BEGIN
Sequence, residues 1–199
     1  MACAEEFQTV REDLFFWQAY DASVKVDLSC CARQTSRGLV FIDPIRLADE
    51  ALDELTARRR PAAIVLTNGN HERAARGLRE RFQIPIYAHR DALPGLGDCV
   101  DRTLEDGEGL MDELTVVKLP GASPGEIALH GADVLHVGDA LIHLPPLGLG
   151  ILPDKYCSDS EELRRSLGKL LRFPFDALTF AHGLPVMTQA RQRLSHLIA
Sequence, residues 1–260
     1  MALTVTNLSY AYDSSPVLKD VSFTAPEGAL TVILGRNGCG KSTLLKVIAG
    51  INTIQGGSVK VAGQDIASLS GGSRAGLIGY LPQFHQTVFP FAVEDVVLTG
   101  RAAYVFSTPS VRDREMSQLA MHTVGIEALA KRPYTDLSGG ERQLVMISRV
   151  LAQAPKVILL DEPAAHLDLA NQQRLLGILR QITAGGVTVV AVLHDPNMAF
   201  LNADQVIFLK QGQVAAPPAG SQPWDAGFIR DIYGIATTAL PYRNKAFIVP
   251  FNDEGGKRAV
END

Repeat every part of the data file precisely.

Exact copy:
Sequence, residues 1–199
     1  MACAEEFQTV REDLFFWQAY DASVKVDLSC CARQTSRGLV FIDPIRLADE
    51  ALDELTARRR PAAIVLTNGN HERAARGLRE RFQIPIYAHR DALPGLGDCV
   101  DRTLEDGEGL MDELTVVKLP GASPGEIALH GADVLHVGDA LIHLPPLGLG
   151  ILPDKYCSDS EELRRSLGKL LRFPFDALTF AHGLPVMTQA RQRLSHLIA
Sequence, residues 1–260
     1  MALTVTNLSY AYDSSPVLKD VSFTAPEGAL TVILGRNGCG KSTLLKVIAG
    51  INTIQGGSVK VAGQDIASLS GGSRAGLIGY LPQFHQTVFP FAVEDVVLTG
   101  RAAYVFSTPS VRDREMSQLA MHTVGIEALA KRPYTDLSGG ERQLVMISRV
   151  LAQAPKVILL DEPAAHLDLA NQQRLLGILR QITAGGVTVV AVLHDPNMAF
   201  LNADQVIFLK QGQVAAPPAG SQPWDAGFIR DIYGIATTAL PYRNKAFIVP
   251  FNDEGGKRAV